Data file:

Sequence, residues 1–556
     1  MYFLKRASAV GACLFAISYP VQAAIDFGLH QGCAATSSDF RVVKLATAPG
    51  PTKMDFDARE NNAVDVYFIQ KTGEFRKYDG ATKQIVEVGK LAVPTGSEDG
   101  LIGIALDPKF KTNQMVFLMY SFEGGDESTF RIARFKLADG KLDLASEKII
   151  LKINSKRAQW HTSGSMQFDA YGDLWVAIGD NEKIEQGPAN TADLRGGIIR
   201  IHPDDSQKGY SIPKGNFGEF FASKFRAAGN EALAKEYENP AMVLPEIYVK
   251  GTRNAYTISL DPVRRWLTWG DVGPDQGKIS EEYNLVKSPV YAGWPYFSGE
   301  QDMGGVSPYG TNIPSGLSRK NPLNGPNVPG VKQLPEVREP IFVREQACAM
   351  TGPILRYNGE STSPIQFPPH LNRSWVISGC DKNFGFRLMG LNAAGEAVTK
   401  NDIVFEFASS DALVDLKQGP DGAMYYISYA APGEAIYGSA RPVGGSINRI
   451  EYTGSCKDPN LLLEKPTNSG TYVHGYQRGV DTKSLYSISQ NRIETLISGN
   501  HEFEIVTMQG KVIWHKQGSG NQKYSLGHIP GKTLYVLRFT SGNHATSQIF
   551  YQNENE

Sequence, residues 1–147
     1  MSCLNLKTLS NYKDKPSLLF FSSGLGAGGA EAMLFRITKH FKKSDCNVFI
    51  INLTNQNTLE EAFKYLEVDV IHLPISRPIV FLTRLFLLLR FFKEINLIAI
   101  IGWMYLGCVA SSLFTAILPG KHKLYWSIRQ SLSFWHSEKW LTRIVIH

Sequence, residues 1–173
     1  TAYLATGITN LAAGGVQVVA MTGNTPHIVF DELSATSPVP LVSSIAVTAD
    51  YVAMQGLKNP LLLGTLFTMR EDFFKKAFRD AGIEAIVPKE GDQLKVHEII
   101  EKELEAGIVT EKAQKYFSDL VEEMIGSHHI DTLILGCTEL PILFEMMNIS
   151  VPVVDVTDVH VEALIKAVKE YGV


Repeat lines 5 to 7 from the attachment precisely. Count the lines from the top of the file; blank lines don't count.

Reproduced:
   151  LKINSKRAQW HTSGSMQFDA YGDLWVAIGD NEKIEQGPAN TADLRGGIIR
   201  IHPDDSQKGY SIPKGNFGEF FASKFRAAGN EALAKEYENP AMVLPEIYVK
   251  GTRNAYTISL DPVRRWLTWG DVGPDQGKIS EEYNLVKSPV YAGWPYFSGE